If you’ll look to your left…

It’s time for the Blogger’s Quilt Festival once again, and while I may not have a quilt of my own to show, I want to send you over to Paulette’s blog at The Way I Sew It. Paulette is the blogging friend I was visiting when we had our car accident, but when you see the quilt she is featuring in her post, you’ll understand why I wanted to hand deliver it. It’s absolutely gorgeous! I am so proud to be a part of the creation of it. If all goes as planned in the next couple of weeks, after a very long hiatus, she will have a pattern available for this beautiful quilt.

Go check out the quilt now, and give her some love!

What’s up with that “No Reply”?

Another side to the No Reply Comment issue, by Piecemeal Quilts
I wrote a post about a year and a half ago called “No Reply”? No Kidding! I’ve received comments here and there, usually expressing relief that the commenter wasn’t either crazy or stupid. Recently, Amy from Sews N Bows found it, and is writing a guest post as part of series on blogging at Plucky’s Second Thought. In our emails back and forth, she suggested I write another post to help clarify the issue.

Blogging Platforms

There are many different blogging platforms, some of the biggest being Blogger, WordPress, Tumblr, Live Journal, and TypePad, with new ones added almost monthly. I’m going to focus on Blogger and WordPress for the sake of this post. I am NOT going to argue which platform is better, because “better” depends on the user’s needs. Obviously, I prefer WordPress, since that’s the platform I use.

Blogger is a popular platform, extremely recognizable, easy to use, and preferred by many amateur bloggers. It is owned by Google and it interfaces well with other Google products.

WordPress is extremely versatile and highly customizable, and is preferred by professional bloggers and amateurs who prefer more control over their blogs. WordPress is the most popular blogging platform in the world.

Blogger Comments

In Blogger, the blog owner can choose one of four comment settings. In order of most restricted to least restricted:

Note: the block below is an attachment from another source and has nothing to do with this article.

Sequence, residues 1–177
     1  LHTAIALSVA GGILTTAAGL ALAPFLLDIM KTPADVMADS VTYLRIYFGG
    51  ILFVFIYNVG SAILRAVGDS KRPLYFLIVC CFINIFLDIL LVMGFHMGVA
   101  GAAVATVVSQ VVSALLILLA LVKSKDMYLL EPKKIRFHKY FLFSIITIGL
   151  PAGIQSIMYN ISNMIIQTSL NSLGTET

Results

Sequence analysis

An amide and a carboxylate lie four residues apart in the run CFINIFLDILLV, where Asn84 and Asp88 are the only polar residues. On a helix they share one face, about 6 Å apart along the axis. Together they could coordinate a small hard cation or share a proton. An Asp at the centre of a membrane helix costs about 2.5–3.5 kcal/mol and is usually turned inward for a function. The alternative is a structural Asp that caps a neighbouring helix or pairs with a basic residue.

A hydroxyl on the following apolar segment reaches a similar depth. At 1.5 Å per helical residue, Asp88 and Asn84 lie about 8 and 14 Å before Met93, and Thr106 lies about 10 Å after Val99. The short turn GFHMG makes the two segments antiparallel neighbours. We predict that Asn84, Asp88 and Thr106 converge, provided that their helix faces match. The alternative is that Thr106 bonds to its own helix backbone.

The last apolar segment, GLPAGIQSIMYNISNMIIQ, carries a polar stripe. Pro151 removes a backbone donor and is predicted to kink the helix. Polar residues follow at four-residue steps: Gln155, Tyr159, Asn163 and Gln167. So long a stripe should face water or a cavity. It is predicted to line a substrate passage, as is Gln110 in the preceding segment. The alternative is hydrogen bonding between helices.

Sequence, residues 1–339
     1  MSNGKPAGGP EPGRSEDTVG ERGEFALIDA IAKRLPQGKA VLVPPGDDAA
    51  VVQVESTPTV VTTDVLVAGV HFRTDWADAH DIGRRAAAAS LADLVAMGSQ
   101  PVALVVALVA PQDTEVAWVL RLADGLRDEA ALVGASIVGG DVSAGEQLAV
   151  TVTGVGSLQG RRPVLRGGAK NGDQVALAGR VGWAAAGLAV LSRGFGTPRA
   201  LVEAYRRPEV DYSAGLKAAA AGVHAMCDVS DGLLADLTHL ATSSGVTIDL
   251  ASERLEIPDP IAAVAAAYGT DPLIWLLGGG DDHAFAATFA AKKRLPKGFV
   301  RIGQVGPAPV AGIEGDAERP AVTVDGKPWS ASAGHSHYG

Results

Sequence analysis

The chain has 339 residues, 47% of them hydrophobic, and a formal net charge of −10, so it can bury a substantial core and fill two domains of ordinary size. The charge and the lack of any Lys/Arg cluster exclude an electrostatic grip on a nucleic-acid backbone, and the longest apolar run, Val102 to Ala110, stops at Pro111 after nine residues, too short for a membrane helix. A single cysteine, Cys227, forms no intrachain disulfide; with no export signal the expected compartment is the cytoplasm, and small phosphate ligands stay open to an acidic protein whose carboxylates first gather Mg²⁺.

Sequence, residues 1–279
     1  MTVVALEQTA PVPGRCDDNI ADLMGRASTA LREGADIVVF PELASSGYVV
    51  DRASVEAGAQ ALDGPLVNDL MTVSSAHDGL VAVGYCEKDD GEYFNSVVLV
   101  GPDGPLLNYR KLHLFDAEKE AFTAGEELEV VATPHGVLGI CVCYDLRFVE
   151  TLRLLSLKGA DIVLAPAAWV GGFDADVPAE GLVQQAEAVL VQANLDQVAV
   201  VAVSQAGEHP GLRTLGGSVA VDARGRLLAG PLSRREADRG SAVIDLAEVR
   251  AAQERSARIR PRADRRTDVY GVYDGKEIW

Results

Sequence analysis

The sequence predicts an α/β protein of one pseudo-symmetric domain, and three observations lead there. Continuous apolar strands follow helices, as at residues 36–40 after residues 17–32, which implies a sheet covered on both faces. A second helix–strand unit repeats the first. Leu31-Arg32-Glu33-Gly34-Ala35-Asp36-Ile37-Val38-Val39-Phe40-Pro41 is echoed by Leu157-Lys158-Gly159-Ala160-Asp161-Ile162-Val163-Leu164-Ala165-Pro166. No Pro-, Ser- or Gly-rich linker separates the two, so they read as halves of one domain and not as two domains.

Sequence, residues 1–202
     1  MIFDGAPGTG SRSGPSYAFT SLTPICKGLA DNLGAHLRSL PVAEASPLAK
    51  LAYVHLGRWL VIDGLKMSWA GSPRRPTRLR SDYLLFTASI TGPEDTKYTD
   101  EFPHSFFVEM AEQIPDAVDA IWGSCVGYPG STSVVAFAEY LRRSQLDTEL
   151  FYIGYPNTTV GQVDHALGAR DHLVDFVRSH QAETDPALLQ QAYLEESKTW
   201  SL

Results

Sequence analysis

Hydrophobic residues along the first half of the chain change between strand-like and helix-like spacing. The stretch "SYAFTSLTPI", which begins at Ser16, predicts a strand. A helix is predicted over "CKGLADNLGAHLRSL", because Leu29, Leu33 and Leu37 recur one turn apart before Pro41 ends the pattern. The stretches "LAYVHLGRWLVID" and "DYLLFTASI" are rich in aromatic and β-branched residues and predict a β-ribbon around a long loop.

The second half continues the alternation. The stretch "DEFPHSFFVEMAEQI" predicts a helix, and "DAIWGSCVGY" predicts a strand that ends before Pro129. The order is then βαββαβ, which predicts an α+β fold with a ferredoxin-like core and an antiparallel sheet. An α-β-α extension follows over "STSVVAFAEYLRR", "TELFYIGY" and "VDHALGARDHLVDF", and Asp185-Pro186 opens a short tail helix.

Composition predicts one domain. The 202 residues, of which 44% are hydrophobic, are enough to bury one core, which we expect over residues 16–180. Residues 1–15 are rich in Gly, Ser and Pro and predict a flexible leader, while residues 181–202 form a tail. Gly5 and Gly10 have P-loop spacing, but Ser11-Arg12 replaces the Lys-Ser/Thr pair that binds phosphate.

• Blog members only
  • Google Account users
  • Registered users (includes Open ID, WordPress, etc.)
  • Anyone (includes Anonymous users)

If the blogger wants to be open to as many comments as possible, they choose Anyone. This opens them to more spam, but also allows people to enter the conversation without sharing any personal information, either publicly or privately. With the Anyone option checked, this is what you’ll see in the comment form:

Blogger Comment Form

Registered Users is safer because the commenter must have provided personal information at some point, either when they set up their own blog or website, their OpenID certificate, or their Google Account. This personal information is not necessarily shared with the blogger or the public.

Restricting comments to Google Account users means that a commenter must sign up with Google before leaving a comment. It goes a step further, though, and forces you to also create either a Google+ or a Blogger account to leave a comment. With a Blogger account, it creates a profile page that you can edit to list additional details like your blogs, your email, and blogs you follow. The Blogger account default setting does not include any of this additional information.

It is unlikely that you’ll run into a blog with a Blog members only setting, as membership blogs tend to be private. Even if you do find one, you won’t be able to comment so it isn’t really an issue.

Blogger has additional comment settings, including adding a word verification (CAPTCHA) and requiring moderation on comments always or only on posts older than a specific number of days.

WordPress Comments

In WordPress, comment settings have a number of variables. The pertinent options include:

  • Comment author must fill out name and e-mail
  • Users must be registered and logged in to comment

These are both yes/no options, so which boxes are checked determines what information a commenter must share. The most restrictive would have both of these boxes checked, requiring the commenter to provide their information AND be registered/logged in with WordPress, Twitter or Facebook. More commonly, WordPress users just require commenters to fill out their name and email address. This helps reduce spam and flaming, although it by no means eliminates it. This is what the comment form looks like: